Most small businesses looking for $2 million in venture capital wouldn’t turn away a rich investor who offered to plunk down the whole amount. But Calgary’s Village Brewing did. Why? The founders felt he wasn’t the right kind of investor.
Village Brewing was created a year ago to tap into Alberta’s growing thirst for premium suds. Right from the start, the seven beer-loving founders (including four ex–Big Rock Brewery execs) were as crafty about choosing investors as they have about making beer. For starters, says co-founder Jim Button (formerly vice-president of community and corporate affairs at Big Rock), only “beer barons” need apply.
Button was actually sitting in a pub when the concept first hit him. “I had this vision that if we are going to build a brewery around community, then I want more than just us founders involved in it,” he says. Originally, he thought about seeking 1,000 local investors or “beer barons,” but scaled that down to 50 for manageability.
The brewery produced its very first batch of Village Blonde—poured into brown, jug-like, two-litre “growlers”—just last December. Since then, it has managed to get its product stocked in 22 liquor stores and 55 restaurants. The owners plan to restrict distribution to Calgary and keep production limited to 20,000 hectolitres (compared to 230,000 hectolitres at Big Rock, Alberta’s largest craft brewer). Most important, they have committed to live by the brewery’s slogan: “It takes a village to raise a beer.”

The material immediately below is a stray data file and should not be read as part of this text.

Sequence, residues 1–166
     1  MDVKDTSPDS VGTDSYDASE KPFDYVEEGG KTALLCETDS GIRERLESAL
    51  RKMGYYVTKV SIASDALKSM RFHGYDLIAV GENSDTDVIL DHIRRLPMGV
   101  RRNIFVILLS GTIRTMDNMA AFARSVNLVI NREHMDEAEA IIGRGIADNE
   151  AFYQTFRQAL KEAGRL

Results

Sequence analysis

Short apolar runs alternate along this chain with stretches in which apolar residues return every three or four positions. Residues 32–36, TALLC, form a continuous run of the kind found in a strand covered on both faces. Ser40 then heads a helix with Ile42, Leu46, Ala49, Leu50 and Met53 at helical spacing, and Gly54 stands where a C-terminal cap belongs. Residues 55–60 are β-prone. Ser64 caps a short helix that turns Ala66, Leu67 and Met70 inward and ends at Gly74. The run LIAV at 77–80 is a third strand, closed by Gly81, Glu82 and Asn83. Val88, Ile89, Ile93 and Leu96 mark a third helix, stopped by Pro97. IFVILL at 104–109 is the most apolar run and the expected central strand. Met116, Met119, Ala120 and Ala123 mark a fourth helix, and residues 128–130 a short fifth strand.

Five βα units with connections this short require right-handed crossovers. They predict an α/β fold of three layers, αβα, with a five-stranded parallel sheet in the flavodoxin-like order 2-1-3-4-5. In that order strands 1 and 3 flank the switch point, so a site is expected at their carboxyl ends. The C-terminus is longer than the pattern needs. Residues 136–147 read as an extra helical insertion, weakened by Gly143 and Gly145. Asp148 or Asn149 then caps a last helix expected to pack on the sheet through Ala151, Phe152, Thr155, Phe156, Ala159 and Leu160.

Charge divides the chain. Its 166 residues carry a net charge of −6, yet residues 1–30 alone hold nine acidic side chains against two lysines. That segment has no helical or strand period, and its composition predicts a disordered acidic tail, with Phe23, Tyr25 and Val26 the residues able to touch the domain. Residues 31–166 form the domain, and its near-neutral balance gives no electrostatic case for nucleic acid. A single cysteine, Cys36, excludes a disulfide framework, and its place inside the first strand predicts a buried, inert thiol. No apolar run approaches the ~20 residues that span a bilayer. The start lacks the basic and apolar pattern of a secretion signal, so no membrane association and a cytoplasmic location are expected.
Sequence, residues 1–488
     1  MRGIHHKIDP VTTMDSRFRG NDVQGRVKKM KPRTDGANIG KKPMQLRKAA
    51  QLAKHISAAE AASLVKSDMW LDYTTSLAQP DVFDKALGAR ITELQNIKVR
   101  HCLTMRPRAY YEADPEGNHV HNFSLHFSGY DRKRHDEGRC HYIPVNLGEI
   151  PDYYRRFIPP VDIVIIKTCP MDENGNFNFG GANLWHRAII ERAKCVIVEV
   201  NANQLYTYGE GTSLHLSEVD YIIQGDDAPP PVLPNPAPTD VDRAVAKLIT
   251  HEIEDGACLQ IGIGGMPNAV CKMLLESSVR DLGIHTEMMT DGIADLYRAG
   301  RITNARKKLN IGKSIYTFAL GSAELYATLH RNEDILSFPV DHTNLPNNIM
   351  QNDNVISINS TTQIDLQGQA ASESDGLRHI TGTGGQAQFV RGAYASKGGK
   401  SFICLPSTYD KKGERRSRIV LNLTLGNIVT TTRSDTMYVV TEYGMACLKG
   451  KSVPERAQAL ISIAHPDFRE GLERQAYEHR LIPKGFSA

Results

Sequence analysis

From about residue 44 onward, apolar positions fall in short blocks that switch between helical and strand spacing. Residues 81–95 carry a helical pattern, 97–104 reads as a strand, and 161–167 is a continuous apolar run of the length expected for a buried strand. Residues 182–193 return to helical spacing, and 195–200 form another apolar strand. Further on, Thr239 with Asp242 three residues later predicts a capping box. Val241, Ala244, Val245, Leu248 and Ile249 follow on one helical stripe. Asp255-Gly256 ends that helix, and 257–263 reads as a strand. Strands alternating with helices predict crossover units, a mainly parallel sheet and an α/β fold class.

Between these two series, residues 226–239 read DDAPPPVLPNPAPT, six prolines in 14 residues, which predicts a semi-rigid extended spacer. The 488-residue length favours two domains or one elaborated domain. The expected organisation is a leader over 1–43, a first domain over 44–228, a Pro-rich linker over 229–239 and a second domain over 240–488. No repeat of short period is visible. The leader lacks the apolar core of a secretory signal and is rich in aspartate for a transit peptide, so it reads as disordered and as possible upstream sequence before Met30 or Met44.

That means all beer barons must be people known for engagement in the arts, music, entertainment and charitable scenes in Calgary. “We went out and hand-picked people,” says Button, adding that the founders spurned offers from banks, financiers and oilmen solely interested in the venture’s financial prospects. They ended up selling limited partnerships representing 40% of the equity in Village Brewing to 50 barons at $40,000 a pop.
Cam Brander, 43, a paramedic, was one who got the call about becoming a beer baron. Passing around bottles of Village Wit and Village Blacksmith at a backyard party, Brander says he noticed Calgarians were developing a taste for lovingly and locally made craft lagers, ales and hefeweizens. “I think it’s a trend that’s about to blossom here.”
Button is confident it will, especially considering Alberta, with just four companies that could properly be called craft breweries compared to around 40 in British Columbia, has plenty of untapped market share to slake. He predicts that in three years the beer barons should be getting double-digit returns on their investments.
That doesn’t include another tasty dividend: a guaranteed 48 free beers a month. But there’s a catch; barons are expected to share at least half those beers with friends and colleagues in neighbourly bottle-to-mouth promotion. “They are also our test marketers, our ambassadors,” Button says.